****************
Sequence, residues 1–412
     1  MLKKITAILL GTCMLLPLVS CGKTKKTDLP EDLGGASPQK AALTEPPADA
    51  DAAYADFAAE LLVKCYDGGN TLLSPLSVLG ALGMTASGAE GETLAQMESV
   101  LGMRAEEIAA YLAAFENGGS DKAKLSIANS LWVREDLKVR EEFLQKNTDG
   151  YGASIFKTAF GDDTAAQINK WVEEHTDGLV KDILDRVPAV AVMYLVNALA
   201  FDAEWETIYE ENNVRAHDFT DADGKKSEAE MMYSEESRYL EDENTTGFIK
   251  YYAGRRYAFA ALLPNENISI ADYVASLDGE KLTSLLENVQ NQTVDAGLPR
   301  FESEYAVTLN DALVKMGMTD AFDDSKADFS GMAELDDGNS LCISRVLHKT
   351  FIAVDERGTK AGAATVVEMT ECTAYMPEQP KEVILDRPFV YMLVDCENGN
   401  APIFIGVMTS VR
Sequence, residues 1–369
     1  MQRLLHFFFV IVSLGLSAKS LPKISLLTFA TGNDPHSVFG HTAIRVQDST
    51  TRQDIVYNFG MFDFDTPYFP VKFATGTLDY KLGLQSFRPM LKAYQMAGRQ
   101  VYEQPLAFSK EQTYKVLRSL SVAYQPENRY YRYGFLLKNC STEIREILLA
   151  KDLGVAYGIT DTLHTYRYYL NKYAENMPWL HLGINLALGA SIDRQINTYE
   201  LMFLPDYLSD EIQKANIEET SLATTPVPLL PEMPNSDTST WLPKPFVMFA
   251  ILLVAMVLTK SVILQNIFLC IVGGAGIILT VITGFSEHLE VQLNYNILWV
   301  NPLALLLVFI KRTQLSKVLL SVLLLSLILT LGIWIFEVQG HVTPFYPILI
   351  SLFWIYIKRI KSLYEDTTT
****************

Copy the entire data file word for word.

Sequence, residues 1–412
     1  MLKKITAILL GTCMLLPLVS CGKTKKTDLP EDLGGASPQK AALTEPPADA
    51  DAAYADFAAE LLVKCYDGGN TLLSPLSVLG ALGMTASGAE GETLAQMESV
   101  LGMRAEEIAA YLAAFENGGS DKAKLSIANS LWVREDLKVR EEFLQKNTDG
   151  YGASIFKTAF GDDTAAQINK WVEEHTDGLV KDILDRVPAV AVMYLVNALA
   201  FDAEWETIYE ENNVRAHDFT DADGKKSEAE MMYSEESRYL EDENTTGFIK
   251  YYAGRRYAFA ALLPNENISI ADYVASLDGE KLTSLLENVQ NQTVDAGLPR
   301  FESEYAVTLN DALVKMGMTD AFDDSKADFS GMAELDDGNS LCISRVLHKT
   351  FIAVDERGTK AGAATVVEMT ECTAYMPEQP KEVILDRPFV YMLVDCENGN
   401  APIFIGVMTS VR
Sequence, residues 1–369
     1  MQRLLHFFFV IVSLGLSAKS LPKISLLTFA TGNDPHSVFG HTAIRVQDST
    51  TRQDIVYNFG MFDFDTPYFP VKFATGTLDY KLGLQSFRPM LKAYQMAGRQ
   101  VYEQPLAFSK EQTYKVLRSL SVAYQPENRY YRYGFLLKNC STEIREILLA
   151  KDLGVAYGIT DTLHTYRYYL NKYAENMPWL HLGINLALGA SIDRQINTYE
   201  LMFLPDYLSD EIQKANIEET SLATTPVPLL PEMPNSDTST WLPKPFVMFA
   251  ILLVAMVLTK SVILQNIFLC IVGGAGIILT VITGFSEHLE VQLNYNILWV
   301  NPLALLLVFI KRTQLSKVLL SVLLLSLILT LGIWIFEVQG HVTPFYPILI
   351  SLFWIYIKRI KSLYEDTTT